2016-09-06 / Front Page

Bush literacy program attracts celebrities

But the real stars are those who gain reading skills
By BRAD SPIEGEL
Special to the Tribune


Alaa Aljuboori talks about how the family literacy program has helped her family assimilate in the United States during the Maine Celebration of Reading on Sunday night in Arundel. 
BRAD SPIEGEL PHOTO Alaa Aljuboori talks about how the family literacy program has helped her family assimilate in the United States during the Maine Celebration of Reading on Sunday night in Arundel. BRAD SPIEGEL PHOTO ARUNDEL — It’s not often you see celebrities and dignitaries together in Arundel. That’s usually reserved for just south of the small town, in Kennebunkport. That is, unless a couple limousines got lost looking for one of the many five-star restaurants in the tiny tourist town.

But there was a good reason for the likes of George H.W. and Barbara Bush, many of their children and grandchildren, actress Teri Hatcher, authors Harlan Coben and Monica Wood, and former White House photographer Eric Draper to descend upon the quaint and rustic Vinegar Hill Music Theatre on Sunday night.

They, along with 200 guests and supporters, were all there for Maine Celebration of Reading, the Barbara Bush Foundation for Family Literacy’s 20th anniversary of programs in Maine.


Barbara Bush’s granddaughter, Ellie Sosa, introduces Maine author Monica Wood during Maine Celebration of Reading on Sunday night in Arundel. 
BRAD SPIEGEL PHOTO Barbara Bush’s granddaughter, Ellie Sosa, introduces Maine author Monica Wood during Maine Celebration of Reading on Sunday night in Arundel. BRAD SPIEGEL PHOTO Hatcher, the actress best known for her roles on “Desperate Housewives” and as Sid (“They’re real, and they’re spectacular.”) on “Seinfeld,” is an author and a longtime supporter of the Foundation.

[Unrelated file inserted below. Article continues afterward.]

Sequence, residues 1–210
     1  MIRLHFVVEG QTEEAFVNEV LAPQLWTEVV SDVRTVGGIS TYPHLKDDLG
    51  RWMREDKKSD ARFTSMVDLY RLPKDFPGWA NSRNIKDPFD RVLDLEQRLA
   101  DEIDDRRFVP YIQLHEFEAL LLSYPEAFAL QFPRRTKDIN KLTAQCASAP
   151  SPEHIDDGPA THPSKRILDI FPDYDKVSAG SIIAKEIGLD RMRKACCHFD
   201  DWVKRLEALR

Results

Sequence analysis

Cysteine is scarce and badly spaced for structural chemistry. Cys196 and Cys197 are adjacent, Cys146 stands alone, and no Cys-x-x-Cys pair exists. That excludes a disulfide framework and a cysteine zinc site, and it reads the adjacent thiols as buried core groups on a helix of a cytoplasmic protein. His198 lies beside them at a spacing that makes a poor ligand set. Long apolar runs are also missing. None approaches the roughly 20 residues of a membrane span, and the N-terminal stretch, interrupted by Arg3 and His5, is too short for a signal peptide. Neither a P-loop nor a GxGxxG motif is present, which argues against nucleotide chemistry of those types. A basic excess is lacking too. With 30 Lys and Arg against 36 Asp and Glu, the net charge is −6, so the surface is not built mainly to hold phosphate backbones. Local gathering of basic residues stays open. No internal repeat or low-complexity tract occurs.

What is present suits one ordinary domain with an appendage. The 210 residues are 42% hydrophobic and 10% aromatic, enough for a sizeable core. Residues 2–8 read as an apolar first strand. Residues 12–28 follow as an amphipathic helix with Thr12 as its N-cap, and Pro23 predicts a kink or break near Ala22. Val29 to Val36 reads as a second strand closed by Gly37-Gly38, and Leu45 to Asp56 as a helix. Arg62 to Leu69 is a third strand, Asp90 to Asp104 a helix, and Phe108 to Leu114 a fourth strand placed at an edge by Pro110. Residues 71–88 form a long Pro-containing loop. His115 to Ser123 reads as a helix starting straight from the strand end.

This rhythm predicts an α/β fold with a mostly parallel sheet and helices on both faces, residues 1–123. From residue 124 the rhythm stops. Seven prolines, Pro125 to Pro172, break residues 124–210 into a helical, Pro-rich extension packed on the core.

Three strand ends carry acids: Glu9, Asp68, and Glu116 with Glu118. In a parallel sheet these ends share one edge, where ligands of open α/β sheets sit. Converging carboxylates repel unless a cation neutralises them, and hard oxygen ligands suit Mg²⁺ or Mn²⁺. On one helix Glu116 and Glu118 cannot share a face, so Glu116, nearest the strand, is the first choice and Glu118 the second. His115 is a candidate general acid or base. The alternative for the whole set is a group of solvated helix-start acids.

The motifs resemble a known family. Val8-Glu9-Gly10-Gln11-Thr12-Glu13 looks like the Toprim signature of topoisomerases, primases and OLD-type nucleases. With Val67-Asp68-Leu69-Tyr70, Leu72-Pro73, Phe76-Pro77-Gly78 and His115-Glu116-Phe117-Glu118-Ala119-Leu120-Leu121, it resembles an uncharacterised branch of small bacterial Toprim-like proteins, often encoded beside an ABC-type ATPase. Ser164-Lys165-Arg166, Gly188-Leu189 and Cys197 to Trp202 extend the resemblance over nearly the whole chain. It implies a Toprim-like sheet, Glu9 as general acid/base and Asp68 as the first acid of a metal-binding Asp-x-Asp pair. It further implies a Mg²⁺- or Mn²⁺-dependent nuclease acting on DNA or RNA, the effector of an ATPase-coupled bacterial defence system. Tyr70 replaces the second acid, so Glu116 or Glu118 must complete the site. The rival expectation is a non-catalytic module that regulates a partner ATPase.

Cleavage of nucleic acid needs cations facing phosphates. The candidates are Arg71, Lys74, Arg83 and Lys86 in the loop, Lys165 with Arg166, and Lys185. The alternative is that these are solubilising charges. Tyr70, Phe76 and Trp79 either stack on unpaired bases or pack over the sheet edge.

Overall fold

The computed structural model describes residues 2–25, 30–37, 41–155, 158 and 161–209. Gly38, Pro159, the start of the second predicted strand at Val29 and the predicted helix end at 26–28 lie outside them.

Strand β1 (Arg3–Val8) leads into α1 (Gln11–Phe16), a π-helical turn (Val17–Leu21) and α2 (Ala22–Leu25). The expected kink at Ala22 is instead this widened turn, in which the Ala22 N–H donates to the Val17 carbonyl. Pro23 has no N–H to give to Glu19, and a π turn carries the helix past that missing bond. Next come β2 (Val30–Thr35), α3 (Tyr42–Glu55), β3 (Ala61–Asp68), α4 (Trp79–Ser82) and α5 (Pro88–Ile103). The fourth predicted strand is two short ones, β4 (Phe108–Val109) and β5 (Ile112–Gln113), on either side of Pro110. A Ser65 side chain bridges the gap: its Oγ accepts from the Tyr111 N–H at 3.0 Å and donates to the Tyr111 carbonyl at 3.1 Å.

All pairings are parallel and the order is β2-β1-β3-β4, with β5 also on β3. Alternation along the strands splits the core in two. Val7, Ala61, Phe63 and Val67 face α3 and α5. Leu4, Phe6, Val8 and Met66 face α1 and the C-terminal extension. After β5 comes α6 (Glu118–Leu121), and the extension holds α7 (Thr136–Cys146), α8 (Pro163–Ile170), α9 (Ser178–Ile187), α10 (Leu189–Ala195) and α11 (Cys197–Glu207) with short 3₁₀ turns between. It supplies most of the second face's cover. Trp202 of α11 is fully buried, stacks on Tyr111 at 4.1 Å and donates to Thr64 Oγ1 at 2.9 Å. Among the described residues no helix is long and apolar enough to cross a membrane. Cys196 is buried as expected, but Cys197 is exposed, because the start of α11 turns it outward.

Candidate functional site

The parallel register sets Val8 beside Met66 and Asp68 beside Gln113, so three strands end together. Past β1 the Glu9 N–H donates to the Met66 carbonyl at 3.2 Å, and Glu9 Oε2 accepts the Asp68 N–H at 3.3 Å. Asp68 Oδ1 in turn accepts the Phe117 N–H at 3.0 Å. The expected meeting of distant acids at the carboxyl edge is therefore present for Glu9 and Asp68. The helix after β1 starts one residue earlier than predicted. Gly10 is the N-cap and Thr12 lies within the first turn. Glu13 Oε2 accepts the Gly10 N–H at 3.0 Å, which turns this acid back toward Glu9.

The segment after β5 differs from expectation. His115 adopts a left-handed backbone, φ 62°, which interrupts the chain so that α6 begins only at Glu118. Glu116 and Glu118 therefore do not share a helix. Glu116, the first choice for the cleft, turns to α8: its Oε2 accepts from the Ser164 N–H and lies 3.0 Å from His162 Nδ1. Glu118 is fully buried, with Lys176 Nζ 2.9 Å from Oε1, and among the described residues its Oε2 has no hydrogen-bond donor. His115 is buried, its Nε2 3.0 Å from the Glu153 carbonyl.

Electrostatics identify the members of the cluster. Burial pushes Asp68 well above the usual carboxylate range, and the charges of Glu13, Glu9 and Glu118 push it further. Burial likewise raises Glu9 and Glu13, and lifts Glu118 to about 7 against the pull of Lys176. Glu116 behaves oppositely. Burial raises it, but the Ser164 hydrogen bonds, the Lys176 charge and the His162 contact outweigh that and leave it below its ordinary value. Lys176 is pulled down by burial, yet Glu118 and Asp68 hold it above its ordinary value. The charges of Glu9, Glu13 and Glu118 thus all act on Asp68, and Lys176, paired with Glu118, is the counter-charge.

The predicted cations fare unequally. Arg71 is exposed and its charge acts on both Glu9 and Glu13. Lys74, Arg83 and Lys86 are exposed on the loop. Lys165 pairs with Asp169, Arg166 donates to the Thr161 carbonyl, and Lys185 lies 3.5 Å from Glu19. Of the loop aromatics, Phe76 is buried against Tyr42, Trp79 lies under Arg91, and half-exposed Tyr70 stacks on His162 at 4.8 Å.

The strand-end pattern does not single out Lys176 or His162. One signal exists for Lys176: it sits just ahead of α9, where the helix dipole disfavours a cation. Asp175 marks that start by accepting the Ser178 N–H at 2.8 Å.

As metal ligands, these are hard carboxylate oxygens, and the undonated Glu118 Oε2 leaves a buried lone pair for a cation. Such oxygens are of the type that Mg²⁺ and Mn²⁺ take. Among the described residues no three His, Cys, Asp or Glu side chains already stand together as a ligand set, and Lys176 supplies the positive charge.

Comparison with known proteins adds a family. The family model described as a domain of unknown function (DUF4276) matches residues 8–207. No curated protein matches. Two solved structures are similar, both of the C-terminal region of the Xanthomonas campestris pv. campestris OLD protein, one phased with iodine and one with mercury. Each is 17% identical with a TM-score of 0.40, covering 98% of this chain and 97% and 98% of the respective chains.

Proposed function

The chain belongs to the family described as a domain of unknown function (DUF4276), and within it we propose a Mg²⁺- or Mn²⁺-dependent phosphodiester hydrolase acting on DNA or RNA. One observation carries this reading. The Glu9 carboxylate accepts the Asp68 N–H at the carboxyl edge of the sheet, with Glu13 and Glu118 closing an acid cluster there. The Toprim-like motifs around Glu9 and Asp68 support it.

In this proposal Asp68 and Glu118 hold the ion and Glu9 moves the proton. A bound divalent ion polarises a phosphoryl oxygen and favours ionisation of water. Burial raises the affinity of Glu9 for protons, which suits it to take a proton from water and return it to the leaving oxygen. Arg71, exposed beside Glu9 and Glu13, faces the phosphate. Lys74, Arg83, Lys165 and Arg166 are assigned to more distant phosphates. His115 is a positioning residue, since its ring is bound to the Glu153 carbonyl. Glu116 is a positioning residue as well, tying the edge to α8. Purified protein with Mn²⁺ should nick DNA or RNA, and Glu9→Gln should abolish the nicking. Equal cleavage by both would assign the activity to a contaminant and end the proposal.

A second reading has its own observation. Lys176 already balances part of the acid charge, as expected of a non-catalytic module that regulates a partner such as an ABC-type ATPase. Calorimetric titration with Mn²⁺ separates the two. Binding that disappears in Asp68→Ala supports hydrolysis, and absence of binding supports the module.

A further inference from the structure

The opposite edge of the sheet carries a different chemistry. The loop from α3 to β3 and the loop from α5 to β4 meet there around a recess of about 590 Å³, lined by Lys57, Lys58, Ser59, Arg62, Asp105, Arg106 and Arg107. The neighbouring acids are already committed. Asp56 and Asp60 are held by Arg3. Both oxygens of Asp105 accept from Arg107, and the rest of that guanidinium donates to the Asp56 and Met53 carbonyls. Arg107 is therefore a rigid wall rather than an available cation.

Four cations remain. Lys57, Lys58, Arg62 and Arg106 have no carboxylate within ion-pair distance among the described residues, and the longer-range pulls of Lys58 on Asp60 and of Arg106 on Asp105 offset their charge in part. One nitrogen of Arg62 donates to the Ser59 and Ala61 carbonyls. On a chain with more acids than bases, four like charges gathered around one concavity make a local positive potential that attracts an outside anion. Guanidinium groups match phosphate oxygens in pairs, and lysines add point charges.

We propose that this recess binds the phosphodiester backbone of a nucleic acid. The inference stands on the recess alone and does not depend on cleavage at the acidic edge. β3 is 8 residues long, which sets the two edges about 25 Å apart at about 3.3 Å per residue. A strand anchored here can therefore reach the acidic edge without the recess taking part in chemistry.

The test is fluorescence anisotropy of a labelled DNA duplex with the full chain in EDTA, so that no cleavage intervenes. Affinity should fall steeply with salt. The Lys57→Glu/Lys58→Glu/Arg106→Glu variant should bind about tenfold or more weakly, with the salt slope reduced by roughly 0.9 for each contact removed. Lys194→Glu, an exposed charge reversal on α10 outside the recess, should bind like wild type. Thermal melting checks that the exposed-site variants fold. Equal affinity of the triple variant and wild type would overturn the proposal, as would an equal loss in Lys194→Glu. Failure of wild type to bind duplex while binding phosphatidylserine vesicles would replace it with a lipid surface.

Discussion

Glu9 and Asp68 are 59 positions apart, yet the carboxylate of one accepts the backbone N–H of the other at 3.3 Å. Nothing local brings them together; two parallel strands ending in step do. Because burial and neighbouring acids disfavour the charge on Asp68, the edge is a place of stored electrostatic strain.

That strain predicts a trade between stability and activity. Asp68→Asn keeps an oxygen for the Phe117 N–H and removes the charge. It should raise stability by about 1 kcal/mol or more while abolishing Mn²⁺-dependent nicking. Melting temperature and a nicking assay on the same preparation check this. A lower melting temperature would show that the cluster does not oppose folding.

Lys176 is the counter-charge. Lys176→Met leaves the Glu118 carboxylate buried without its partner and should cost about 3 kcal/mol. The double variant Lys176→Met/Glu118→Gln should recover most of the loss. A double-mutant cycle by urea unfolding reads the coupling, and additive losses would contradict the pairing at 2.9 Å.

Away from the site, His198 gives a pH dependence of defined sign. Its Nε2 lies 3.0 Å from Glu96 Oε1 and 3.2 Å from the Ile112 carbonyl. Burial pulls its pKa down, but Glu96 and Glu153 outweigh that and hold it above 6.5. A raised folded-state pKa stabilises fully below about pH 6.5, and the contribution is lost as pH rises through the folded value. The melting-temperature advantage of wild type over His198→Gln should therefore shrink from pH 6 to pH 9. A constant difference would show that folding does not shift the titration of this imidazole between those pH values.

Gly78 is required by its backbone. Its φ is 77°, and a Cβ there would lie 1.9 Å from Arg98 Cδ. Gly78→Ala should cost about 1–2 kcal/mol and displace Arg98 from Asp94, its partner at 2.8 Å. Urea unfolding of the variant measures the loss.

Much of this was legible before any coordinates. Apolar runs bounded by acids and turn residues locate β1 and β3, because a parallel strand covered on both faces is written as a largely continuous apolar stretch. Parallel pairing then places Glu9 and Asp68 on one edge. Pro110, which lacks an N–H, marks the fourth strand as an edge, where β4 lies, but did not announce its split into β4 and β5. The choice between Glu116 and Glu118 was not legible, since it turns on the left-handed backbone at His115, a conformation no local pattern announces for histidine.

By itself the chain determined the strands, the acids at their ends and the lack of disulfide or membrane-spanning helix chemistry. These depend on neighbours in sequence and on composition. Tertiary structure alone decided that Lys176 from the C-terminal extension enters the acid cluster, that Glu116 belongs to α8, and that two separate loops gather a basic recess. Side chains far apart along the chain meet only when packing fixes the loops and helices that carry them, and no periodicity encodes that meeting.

“The difference reading can make in one’s life when they gain that skill is amazing,” she said in the courtyard after the event. “I can’t think of a better gift to give someone and a skill that is more important.”

The difference in the ability to read and learning the language was in full display at the gala. Alaa Aljuboori is an Iraqi native who has lived in the United States for six years, the last three in Portland. She didn’t know any English until she took part in the foundation’s Family Literacy Program.

Not only can she speak the language – as was exhibited during her five-minute presentation – but she can now communicate with her two kids’ teachers and her neighbors in her Riverton community. The former has been crucial as she is able to keep tabs and understand the status of her son, Ali, who takes special needs classes.

“I am so grateful for everything this program has done for me and my family,” said Aljuboori, who was on stage with her husband and two of her three children. “Thank you Mrs. Bush for everything you have done for families.”

In its years of existence, the Barbara Bush Foundation for Family Literacy has doled out more than $6 million for over 300 programs in Maine, one the few “anchor states.” Liza McFadden, president and CEO, noted that the teen mentor program has seen a 61 percent increase in reading ability for its participants, as compared to students who did not take part. That program is offered to first and second graders who are at least six months behind.

Amid the testimonials, author presentations and entertainment by George Dvorsky, creative director at Vinegar Hill, Dorothy “Doro” Bush Koch, and foundation honorary chair, presented the inaugural Barbara Bush Volunteer Award.

Betsy Heminway, a Kennebunkport resident and tireless advocate, mentor and fundraiser, was surprised as the recipient. She explained she does what she does because it makes sense to her, and everyone involved.

“We all really like to help people for something that is so important,” she said.

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